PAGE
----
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Things change when maximum optimization is selected, however: The performance of the two implementations becomes virtually identical! How can this be? Part of the answer is that the compiler does an amazingly good job with Listing 59.2. Most impressively, when compiling Listing 59.2, the compiler actually converts all right-subtree descents from code recursion to data recursion, by simply jumping back to the left-subtree handling code instead of recursively calling WalkTree(). This means that half the time Listing 59.4 has no advantage over Listing 59.2; in fact, it’s at a disadvantage because the code that the compiler generates for handling right-subtree descent in Listing 59.4 is somewhat inefficient, but the right-subtree code in Listing 59.2 is a marvel of code generation, at just 3 instructions.

What’s more, although left-subtree traversal is more efficient with data recursion than with code recursion, the advantage is only four instructions, because only one parameter is passed and because the compiler doesn’t bother setting up an EBP-based stack frame, instead it uses ESP to address the stack. (And, in fact, this cost could be reduced still further by eliminating the check for a NULL pNode at all but the top level.) There are other interesting aspects to what the compiler does with Listings 59.2 and 59.4 but that’s enough to give you the idea. It’s worth noting that the compiler might not do as well with code recursion in a more complex function, and that a good assembly language implementation could probably speed up Listing 59.4 enough to make it measurably faster than Listing 59.2, but not even close to being enough faster to be worth the effort.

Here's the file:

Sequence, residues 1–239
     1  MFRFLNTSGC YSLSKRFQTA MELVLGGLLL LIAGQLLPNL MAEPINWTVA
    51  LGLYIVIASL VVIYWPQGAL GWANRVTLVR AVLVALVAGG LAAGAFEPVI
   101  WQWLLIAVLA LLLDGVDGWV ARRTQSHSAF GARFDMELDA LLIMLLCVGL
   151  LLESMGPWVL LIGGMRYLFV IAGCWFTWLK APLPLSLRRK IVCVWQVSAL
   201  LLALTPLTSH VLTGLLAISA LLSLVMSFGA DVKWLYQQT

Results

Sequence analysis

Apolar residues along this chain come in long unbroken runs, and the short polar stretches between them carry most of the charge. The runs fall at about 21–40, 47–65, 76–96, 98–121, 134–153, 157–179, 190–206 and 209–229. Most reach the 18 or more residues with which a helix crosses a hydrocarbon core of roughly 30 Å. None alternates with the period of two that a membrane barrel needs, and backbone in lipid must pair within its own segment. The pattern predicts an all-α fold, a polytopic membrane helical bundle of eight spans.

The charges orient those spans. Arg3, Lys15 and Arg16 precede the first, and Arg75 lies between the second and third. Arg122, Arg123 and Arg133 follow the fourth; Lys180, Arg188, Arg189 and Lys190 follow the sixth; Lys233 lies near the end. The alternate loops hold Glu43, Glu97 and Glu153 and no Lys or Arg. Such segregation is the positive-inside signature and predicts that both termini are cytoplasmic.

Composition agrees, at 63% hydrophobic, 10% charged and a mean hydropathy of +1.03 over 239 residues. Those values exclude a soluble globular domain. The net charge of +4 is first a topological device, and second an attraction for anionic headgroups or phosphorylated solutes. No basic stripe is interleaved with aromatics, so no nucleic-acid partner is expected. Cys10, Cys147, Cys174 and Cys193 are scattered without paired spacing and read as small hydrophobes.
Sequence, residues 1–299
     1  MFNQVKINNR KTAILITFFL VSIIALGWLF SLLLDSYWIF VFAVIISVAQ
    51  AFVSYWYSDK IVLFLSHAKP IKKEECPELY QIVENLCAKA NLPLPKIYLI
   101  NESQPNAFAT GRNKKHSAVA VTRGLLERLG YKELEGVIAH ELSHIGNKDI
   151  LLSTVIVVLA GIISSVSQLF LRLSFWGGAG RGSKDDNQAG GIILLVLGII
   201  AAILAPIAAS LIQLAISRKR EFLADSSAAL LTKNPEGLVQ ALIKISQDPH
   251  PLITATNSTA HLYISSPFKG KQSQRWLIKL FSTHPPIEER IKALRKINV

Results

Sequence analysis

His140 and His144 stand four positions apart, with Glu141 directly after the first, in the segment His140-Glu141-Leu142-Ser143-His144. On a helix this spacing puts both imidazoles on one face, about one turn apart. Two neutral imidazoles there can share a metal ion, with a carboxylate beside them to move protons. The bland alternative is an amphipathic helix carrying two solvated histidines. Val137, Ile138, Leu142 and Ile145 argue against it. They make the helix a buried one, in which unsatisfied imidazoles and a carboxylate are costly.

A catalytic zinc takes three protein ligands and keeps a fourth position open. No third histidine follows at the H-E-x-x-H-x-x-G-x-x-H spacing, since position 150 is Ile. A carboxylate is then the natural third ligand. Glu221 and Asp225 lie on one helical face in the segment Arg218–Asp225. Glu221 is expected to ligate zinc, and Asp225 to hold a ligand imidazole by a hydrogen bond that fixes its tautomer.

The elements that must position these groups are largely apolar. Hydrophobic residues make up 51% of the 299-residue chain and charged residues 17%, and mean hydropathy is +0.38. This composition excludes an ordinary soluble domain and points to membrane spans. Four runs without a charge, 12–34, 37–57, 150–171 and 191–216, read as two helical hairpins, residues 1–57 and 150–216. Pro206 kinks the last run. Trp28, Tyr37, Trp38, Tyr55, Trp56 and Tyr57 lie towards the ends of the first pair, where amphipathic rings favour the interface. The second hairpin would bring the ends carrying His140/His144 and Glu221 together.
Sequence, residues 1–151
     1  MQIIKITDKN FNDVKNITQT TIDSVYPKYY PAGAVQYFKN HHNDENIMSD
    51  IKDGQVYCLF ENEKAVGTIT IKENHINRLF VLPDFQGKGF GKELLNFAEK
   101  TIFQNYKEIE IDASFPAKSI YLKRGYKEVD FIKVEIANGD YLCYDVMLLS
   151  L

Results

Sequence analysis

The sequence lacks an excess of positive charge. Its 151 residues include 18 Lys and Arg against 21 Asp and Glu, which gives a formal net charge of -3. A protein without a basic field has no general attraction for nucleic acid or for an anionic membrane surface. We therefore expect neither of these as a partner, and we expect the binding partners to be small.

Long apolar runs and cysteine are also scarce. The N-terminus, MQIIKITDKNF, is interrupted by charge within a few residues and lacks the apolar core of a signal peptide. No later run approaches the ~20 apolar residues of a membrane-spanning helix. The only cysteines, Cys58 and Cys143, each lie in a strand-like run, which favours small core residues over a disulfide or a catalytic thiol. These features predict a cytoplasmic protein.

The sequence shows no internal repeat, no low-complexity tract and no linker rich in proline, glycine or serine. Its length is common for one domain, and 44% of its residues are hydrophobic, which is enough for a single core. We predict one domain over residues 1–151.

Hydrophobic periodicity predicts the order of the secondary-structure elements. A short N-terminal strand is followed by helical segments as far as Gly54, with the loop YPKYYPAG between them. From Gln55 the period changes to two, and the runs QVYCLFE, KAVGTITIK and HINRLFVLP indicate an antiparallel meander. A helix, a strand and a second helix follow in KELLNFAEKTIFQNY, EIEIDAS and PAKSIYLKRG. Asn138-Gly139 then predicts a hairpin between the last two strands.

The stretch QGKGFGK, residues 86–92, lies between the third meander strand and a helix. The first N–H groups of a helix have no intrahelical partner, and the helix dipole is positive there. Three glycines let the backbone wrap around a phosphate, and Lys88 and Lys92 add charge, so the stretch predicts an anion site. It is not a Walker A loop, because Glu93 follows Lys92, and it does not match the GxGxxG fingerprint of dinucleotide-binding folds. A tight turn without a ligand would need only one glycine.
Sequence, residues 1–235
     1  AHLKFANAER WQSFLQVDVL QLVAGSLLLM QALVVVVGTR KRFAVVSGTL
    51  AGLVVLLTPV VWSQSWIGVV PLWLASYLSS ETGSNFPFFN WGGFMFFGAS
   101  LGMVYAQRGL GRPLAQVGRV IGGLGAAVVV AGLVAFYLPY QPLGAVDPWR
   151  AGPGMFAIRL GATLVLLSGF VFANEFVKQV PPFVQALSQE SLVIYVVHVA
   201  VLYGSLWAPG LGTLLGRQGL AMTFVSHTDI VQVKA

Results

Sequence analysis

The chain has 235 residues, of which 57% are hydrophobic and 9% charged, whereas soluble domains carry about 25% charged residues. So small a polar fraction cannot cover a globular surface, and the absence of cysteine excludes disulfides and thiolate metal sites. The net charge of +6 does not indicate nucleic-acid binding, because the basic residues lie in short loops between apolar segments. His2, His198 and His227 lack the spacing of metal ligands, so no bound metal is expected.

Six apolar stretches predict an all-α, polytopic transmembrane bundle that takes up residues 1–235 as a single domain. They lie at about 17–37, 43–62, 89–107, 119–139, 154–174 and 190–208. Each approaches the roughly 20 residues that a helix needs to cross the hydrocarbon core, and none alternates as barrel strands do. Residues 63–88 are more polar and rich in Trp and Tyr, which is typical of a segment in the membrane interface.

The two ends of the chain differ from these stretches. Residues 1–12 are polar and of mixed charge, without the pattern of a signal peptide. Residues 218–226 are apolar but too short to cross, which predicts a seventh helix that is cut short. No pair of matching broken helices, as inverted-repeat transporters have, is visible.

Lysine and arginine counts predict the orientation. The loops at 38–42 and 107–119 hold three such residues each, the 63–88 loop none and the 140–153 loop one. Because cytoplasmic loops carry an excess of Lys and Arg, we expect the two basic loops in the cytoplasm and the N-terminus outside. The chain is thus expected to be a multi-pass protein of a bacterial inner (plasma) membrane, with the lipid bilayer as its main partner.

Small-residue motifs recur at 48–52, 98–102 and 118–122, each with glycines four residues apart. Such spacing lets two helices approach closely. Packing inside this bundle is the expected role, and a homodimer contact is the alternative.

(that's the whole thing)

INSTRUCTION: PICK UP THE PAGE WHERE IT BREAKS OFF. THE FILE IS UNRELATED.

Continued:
The moral of this story (apart from it being a good idea to enable compiler optimization) is:

1.  Understand what you’re doing, through and through.
2.  Build a complete and consistent model in your head.
3.  Design from the principles that the model provides.
4.  Implement the design.
5.  Measure to learn what you’ve wrought.
6.  Go back to step 1 and apply what you’ve just learned.

With each iteration you’ll dig deeper, learn more, and improve your ability to know where and how to focus your design and programming efforts. For example, with the C compilers I used five to 10 years ago, back when I learned about the relative strengths and weaknesses of code and data recursion, and with the processors then in use, Listing 59.4 would have blown away Listing 59.2. While doing this chapter, I’ve learned that given current processors and compiler technology, data recursion isn’t going to get me any big wins; and yes, that was news to me. That’s good; this information saves me from wasted effort in the future and tells me what to concentrate on when I use recursion.

Assume nothing, keep digging deeper, and never stop learning and growing. The world won’t hold still for you, but fortunately you can run fast enough to keep up if you just keep at it.

Depths within depths indeed!

Surfing Amidst the Trees

In the next chapter, we’ll build a BSP-tree compiler, and after that, we’ll put together a rendering system built around the BSP trees the compiler generates. If the subject of BSP trees really grabs your fancy (as it should if you care at all about performance graphics) there is at this writing (February 1996) a World Wide Web page on BSP trees that you must investigate at It’s set up in the familiar Internet Frequently Asked Questions (FAQ) style, and is very good stuff.

Related Reading

Foley, J., A. van Dam, S. Feiner, and J. Hughes, Computer Graphics: Principles and Practice (Second Edition), Addison Wesley, 1990, pp. 555-557, 675-680.

Fuchs, H., Z. Kedem, and B. Naylor, “On Visible Surface Generation by A Priori Tree Structures,” Computer Graphics Vol. 17(3), June 1980, pp. 124-133.

Gordon, D., and S. Chen, “Front-to-Back Display of BSP Trees,” IEEE Computer Graphics and Applications, September 1991, pp. 79-85.

Naylor, B., “Binary Space Partitioning Trees as an Alternative Representation of Polytopes,” Computer Aided Design, Vol. 22(4), May 1990, pp. 250-253.

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Graphics Programming Black Book © 2001 Michael Abrash